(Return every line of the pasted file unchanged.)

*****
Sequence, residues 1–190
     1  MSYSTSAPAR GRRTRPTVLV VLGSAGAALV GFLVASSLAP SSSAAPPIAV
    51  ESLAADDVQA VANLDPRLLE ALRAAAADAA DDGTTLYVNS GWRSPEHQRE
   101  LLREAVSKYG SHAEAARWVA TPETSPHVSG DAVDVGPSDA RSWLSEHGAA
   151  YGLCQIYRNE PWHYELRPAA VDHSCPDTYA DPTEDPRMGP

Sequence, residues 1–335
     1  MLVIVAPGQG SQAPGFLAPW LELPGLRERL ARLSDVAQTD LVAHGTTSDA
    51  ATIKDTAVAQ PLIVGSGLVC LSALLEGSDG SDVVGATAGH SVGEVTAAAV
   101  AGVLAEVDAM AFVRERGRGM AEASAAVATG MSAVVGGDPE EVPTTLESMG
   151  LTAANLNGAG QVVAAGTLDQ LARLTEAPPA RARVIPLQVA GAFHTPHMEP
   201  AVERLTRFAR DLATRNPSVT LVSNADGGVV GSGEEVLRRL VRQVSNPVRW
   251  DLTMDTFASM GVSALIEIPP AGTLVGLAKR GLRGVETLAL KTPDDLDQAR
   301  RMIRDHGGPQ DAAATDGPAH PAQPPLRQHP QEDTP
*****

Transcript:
Sequence, residues 1–190
     1  MSYSTSAPAR GRRTRPTVLV VLGSAGAALV GFLVASSLAP SSSAAPPIAV
    51  ESLAADDVQA VANLDPRLLE ALRAAAADAA DDGTTLYVNS GWRSPEHQRE
   101  LLREAVSKYG SHAEAARWVA TPETSPHVSG DAVDVGPSDA RSWLSEHGAA
   151  YGLCQIYRNE PWHYELRPAA VDHSCPDTYA DPTEDPRMGP

Sequence, residues 1–335
     1  MLVIVAPGQG SQAPGFLAPW LELPGLRERL ARLSDVAQTD LVAHGTTSDA
    51  ATIKDTAVAQ PLIVGSGLVC LSALLEGSDG SDVVGATAGH SVGEVTAAAV
   101  AGVLAEVDAM AFVRERGRGM AEASAAVATG MSAVVGGDPE EVPTTLESMG
   151  LTAANLNGAG QVVAAGTLDQ LARLTEAPPA RARVIPLQVA GAFHTPHMEP
   201  AVERLTRFAR DLATRNPSVT LVSNADGGVV GSGEEVLRRL VRQVSNPVRW
   251  DLTMDTFASM GVSALIEIPP AGTLVGLAKR GLRGVETLAL KTPDDLDQAR
   301  RMIRDHGGPQ DAAATDGPAH PAQPPLRQHP QEDTP